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S.Korea's real estate market faces growing risks on falling prices

English.news.cn   2012-10-31 11:40:39            

SEOUL, Oct. 31 (Xinhua) -- South Korea's real estate market is facing growing risks on falling property prices, boosting concerns that over-indebted households may fall into troubles in repaying mortgage loans amid falling prices, a report by the central bank showed Wednesday.

According to the financial stability report submitted by Bank of Korea (BOK) to the National Assembly, apartment prices in the metropolitan area declined 2.7 percent during the January- September period. The prices tumbled 6.9 percent on average compared with the previous high tallied in September 2008.

Downside risk factors predominated in the property market due to a rise in unsold homes, a fall in major home buyers aged 35 to 54 and weakening sentiment over the real estate market caused by expectations for further price decline.

The recent fall in home prices risked causing a vicious circle through the macro-financial linkages. Local lenders may urge mortgage loan borrowers to repay debts due to falling prices of real estate, or collateral. It will drive the borrowers to sell homes at a lower price for repaying debts, accelerating the falling pace of property prices.

Under the scenario of 20 percent home price decline, the home- backed loans classified as high-risk ones were estimated to triple to 93 trillion won (85.26 billion U.S. dollars) from 35 trillion won as of the end of March.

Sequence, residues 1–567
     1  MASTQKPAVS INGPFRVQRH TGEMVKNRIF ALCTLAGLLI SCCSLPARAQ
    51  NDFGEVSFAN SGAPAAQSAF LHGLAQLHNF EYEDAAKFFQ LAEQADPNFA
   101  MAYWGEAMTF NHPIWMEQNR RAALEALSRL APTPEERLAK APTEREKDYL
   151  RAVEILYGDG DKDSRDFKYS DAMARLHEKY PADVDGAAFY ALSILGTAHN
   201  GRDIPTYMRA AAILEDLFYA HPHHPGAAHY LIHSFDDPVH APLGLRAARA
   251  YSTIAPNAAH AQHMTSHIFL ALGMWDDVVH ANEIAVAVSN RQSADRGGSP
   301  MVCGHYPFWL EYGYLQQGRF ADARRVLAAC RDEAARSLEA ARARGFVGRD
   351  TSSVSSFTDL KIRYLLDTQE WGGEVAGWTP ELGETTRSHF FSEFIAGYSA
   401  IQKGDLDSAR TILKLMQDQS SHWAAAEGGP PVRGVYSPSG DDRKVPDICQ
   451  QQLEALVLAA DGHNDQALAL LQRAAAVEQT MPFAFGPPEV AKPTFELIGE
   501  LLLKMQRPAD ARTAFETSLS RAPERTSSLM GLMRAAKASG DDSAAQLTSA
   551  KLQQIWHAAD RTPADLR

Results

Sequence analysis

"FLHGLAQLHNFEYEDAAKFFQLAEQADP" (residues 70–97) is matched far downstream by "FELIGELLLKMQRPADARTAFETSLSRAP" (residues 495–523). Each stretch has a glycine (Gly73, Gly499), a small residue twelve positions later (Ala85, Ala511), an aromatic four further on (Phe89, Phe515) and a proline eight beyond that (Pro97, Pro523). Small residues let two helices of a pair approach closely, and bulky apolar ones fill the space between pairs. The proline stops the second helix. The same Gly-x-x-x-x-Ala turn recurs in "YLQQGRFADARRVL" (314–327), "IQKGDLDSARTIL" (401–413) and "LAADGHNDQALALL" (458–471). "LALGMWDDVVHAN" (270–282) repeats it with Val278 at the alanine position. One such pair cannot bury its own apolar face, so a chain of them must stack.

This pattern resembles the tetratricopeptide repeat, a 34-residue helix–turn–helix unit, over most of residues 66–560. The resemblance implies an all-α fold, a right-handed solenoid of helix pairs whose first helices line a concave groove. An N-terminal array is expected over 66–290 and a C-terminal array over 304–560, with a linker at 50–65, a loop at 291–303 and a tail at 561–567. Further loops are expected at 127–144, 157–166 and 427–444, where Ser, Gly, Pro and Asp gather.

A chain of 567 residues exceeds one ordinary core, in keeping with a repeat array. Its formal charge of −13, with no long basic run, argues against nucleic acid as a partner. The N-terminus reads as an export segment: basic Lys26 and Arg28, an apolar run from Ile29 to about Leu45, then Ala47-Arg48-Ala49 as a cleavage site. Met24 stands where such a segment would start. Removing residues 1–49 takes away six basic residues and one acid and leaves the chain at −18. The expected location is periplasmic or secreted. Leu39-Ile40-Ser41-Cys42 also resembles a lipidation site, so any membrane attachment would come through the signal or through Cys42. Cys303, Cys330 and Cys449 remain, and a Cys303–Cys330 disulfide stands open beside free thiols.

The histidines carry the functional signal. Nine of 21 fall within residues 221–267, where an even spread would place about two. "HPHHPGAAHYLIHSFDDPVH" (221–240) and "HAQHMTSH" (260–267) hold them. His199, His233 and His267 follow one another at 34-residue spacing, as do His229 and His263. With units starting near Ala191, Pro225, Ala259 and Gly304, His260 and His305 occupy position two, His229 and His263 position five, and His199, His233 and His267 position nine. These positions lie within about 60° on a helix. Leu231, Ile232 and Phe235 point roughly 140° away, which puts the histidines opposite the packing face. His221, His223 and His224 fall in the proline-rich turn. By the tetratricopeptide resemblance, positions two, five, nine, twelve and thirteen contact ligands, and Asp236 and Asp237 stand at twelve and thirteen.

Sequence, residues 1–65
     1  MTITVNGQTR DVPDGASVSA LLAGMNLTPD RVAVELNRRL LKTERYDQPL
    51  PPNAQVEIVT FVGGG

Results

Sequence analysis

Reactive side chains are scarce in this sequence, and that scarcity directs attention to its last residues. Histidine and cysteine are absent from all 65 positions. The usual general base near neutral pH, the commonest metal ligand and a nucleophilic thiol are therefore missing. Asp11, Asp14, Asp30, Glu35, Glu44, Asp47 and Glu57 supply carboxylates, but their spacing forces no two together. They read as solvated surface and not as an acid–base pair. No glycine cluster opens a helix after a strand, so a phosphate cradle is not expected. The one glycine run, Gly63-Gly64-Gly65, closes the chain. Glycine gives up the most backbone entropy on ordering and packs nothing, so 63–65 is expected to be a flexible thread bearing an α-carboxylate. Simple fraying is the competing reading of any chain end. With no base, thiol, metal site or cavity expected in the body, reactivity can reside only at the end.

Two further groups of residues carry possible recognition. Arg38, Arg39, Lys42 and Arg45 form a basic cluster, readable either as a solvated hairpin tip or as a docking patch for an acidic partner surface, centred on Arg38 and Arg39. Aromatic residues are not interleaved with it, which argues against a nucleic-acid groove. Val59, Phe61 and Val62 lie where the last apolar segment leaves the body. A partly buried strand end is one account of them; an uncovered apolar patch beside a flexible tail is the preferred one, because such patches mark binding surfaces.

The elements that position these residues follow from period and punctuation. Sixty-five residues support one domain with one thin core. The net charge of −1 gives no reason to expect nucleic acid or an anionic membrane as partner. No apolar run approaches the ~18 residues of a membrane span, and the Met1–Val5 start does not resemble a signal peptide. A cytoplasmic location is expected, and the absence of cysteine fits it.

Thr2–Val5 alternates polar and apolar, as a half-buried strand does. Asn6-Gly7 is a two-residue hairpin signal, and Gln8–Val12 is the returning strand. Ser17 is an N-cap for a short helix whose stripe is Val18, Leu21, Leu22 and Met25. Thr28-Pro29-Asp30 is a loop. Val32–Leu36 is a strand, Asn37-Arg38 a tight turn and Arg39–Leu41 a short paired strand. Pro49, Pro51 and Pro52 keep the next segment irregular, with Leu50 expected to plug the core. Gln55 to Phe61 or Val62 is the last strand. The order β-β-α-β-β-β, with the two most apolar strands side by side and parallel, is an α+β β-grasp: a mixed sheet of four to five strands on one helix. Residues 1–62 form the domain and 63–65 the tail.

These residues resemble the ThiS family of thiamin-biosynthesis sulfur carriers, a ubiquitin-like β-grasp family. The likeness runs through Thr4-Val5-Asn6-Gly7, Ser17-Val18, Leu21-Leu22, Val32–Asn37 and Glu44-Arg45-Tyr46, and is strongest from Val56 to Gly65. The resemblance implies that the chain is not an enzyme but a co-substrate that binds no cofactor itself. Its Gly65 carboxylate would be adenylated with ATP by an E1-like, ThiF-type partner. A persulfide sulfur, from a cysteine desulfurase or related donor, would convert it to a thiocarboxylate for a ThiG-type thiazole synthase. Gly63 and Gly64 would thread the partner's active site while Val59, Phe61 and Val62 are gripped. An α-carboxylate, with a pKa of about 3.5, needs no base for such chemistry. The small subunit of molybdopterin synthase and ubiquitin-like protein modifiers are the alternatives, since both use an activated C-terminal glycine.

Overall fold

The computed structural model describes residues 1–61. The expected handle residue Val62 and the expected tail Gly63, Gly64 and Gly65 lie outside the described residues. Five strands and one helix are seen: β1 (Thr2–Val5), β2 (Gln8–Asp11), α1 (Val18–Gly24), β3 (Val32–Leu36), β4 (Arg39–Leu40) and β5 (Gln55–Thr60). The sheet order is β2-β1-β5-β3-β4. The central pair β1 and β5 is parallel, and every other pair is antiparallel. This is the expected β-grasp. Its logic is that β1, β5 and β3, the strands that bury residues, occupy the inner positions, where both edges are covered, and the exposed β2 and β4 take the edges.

The high-risk loans refer to those breaching above the ceiling of 60 percent for the loan-to-value (LTV) ratio due to a decline in property value and repaying interests only with no payment of principals, some of which should be repaid on maturity.

Price rise in the so-called Jeonse raised financial burdens for homeowners. Jonse refers to the way of home lease unique to South Korea as a renter pay a lump-sum deposit on a rental home rather than paying monthly rent.

The ratio of rental fee to apartment prices in the metropolitan area surged to 55 percent in September from 40 percent in early 2009, according to the report.

If the apartment prices continue to fall, homeowners may fail to pay the lump-sum deposit to renters as the owners should pay both the mortgage loans and the deposits with money earned after selling homes at a lower price. The continued home price fall would add burden to homeowners.

Editor: znz
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